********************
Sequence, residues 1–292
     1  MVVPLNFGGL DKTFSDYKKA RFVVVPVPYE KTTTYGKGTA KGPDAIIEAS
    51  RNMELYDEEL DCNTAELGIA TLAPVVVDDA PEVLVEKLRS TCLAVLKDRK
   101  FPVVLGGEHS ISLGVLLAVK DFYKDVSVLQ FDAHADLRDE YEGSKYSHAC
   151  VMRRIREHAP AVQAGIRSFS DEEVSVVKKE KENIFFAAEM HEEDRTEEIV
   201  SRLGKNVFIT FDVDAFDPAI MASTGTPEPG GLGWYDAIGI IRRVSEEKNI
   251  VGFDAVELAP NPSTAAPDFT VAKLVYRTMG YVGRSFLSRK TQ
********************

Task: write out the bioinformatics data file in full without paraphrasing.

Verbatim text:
Sequence, residues 1–292
     1  MVVPLNFGGL DKTFSDYKKA RFVVVPVPYE KTTTYGKGTA KGPDAIIEAS
    51  RNMELYDEEL DCNTAELGIA TLAPVVVDDA PEVLVEKLRS TCLAVLKDRK
   101  FPVVLGGEHS ISLGVLLAVK DFYKDVSVLQ FDAHADLRDE YEGSKYSHAC
   151  VMRRIREHAP AVQAGIRSFS DEEVSVVKKE KENIFFAAEM HEEDRTEEIV
   201  SRLGKNVFIT FDVDAFDPAI MASTGTPEPG GLGWYDAIGI IRRVSEEKNI
   251  VGFDAVELAP NPSTAAPDFT VAKLVYRTMG YVGRSFLSRK TQ